Hello Scott,

 

We have safely arrived from Geneva, both very tired (both of us had to get up at 5am). I am quickly having to learn the Cyrillic alphabet and a few words I can start recognizing (already knowing German, French and English is a big help -Russian, despite the different alphabet is a very much European language).

We found a bank to change money. Very well organized, very private booths for each customer, with a ticket system and large comfortable waiting room. Russian banking is way ahead of consumer banking than even Geneva, quite the surprise. Such a pleasant surprise from my memories of the Socialist paradise I saw in Bratislava in 1981.

The weather was wet enough to go out with the umbrella.  and discover that the streets and sidewalks have no camber, making large puddles all over. Trying to keep one’s feet dry is a real challenge. Now I know why people spend so much on shoes :-)

From the canal we walked to Red Square, saw the Kremlin but it was too late to invite Mr. Lavrov or Mr. Putin for tea. We will have to invite them another time. There was a projection onto the walls of one of the nearby buildings, in preparation for the May 9th Victory celebrations.

Impressive computer graphics, and sound system. Very creative and competent technically, do not have to envy Hollywood.

I was overwhelmed by all the monuments to the soldiers that had died in WW2. The Partisan metro station is a memorial monument, with many sculptures. There is one, a soldier with a dog at his side. It is quite funny, compared to all the others. The dog’s nose is a bright shiny bronze from all the passersby touching its nose. It seems the dog brings out some very strong emotions, more than the sculptures of various heroic men and women.  Perhaps a statement of the times? It is a true indicator of the power of art, to bring out the positive emotions from so many people. Both men and women would pat the dog sculpture as they passed by, it was almost a fetish for some.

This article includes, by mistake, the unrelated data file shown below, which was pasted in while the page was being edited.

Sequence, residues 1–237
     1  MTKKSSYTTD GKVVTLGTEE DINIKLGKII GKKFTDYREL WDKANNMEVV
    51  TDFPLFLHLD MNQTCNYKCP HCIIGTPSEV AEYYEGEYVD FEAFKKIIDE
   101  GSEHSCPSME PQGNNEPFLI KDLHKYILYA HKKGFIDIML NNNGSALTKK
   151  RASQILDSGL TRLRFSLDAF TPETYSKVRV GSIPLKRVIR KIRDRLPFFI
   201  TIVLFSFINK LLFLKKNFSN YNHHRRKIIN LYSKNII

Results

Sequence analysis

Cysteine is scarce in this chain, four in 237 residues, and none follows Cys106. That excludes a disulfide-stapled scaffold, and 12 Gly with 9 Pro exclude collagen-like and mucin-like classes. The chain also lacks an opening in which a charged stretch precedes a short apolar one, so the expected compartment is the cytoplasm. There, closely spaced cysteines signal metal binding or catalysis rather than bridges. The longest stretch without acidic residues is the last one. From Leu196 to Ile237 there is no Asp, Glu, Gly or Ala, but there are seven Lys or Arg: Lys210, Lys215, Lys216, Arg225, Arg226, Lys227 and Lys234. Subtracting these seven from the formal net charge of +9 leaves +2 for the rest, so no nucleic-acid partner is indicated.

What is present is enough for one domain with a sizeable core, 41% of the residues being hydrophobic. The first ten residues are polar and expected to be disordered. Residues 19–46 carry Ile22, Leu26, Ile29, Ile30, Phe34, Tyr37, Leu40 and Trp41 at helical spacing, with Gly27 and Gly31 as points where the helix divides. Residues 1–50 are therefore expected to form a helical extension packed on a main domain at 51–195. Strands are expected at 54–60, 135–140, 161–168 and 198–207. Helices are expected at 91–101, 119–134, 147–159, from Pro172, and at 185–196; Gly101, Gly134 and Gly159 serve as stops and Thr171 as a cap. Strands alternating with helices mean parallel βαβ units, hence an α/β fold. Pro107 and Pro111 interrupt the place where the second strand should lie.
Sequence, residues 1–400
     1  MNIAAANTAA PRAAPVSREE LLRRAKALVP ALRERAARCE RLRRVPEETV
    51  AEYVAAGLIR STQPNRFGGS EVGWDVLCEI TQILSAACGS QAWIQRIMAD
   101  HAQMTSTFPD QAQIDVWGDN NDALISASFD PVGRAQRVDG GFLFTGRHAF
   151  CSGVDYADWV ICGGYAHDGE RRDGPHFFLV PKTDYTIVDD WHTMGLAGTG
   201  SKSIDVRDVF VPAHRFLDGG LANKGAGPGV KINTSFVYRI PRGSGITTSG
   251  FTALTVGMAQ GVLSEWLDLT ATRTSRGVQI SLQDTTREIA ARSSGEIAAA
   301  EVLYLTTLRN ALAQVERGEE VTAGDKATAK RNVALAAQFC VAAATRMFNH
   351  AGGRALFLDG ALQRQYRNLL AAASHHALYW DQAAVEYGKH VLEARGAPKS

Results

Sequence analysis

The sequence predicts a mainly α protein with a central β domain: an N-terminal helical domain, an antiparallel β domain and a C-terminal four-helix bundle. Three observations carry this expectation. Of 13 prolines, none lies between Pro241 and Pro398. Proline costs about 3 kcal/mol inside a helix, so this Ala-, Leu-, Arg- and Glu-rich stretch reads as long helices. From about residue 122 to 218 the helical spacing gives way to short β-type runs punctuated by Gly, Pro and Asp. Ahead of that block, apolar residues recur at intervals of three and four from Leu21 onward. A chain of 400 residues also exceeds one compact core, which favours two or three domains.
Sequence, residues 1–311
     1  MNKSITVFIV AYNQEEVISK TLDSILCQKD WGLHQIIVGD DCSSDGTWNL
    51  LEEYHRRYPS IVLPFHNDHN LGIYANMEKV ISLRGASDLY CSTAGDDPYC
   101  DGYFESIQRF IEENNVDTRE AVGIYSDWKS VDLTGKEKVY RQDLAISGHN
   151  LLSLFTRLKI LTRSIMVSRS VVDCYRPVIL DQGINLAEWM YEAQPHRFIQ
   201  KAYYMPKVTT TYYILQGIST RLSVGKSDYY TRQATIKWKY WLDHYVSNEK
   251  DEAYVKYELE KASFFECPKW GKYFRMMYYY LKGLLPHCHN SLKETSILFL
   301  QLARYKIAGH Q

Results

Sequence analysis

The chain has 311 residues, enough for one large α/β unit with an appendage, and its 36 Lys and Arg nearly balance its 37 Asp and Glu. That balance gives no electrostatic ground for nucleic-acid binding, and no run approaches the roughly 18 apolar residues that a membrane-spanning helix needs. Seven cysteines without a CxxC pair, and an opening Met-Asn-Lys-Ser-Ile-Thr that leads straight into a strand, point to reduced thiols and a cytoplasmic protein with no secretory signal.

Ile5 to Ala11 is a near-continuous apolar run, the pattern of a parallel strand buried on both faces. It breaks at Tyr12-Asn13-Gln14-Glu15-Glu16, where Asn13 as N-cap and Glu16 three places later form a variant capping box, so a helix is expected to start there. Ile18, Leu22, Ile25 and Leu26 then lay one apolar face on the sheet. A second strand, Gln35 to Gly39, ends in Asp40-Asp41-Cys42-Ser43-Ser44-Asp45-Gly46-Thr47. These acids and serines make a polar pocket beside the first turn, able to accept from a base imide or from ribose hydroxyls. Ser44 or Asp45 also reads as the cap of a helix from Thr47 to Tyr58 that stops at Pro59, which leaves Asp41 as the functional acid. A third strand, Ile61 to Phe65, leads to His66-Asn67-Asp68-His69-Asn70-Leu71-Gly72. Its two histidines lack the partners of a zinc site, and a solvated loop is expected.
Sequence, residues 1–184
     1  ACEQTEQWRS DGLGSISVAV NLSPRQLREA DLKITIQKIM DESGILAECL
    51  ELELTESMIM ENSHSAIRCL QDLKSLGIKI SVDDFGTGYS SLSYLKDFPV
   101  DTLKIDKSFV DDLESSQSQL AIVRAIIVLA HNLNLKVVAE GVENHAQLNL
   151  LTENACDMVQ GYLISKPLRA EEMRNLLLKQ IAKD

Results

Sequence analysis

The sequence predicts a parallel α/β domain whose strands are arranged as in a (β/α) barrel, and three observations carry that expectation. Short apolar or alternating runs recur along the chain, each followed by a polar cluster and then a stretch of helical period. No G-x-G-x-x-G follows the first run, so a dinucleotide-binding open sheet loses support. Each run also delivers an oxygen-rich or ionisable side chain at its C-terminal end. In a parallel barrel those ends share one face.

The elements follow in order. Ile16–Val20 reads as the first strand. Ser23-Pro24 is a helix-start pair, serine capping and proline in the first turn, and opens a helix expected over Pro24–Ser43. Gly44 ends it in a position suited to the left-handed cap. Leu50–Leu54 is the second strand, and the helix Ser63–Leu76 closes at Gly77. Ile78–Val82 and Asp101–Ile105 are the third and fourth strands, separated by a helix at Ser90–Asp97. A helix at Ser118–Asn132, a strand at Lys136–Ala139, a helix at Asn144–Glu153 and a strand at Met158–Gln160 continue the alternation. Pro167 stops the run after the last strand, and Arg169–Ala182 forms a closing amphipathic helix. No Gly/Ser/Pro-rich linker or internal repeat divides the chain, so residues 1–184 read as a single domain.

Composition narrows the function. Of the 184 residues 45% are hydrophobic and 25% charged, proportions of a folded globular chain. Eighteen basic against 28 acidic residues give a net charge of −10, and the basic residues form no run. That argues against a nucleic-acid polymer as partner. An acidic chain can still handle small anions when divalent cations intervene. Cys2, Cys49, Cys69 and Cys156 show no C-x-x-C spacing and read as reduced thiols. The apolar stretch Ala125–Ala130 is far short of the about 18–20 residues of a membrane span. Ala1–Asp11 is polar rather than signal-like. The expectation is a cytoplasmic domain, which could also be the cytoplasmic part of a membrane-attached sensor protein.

Tomorrow it will be jeans and running shoes to continue the visit. The distances are considerable and there seems to be so much worth seeing.

The weather should be much warmer tomorrow, about 20 Celsius. It is very difficult to decide on how to dress at this time of year. We can report the first flowers in the park next to the Kremlin. The trees are just beginning to open their buds after a long winter sleep. The sense of spring is in the air. A few young women dare to go out wearing skirts and stockings, attracting admiring looks from  young and old men alike.

Young men and women seem to prefer wearing jeans, with the pre-worn look. The women prefer tight-fitting to show their form. Most of the women have a long hair style, either drawn back or braided, with a refined makeup showing a great attention to detail. In contrast the men pay much less attention to their clothing and looks, often with ill fitting clothes and a five o’clock shadow, with a tired face after a

long day working somewhere. Noticeably absent was the smell of day old sweat when entering the metro. Personal hygiene for Russian men and women is a pleasure to experience on the metro at rush-hour – no bad smells, certainly a pleasant surprise from a number of other places I have been (no naming and shaming today).

There are still a few homeless people in a sorry state at the inside to the metro entrances. A few people panhandling to get enough for their next drink or whatever. No bums living in cardboard boxes under the bridges as in London though, thank goodness.

 

Thanks and best wishes

Gallery of April in Moscow images

Luzhniki-City Moscow

 

The Essential Saker: from the trenches of the emerging multipolar world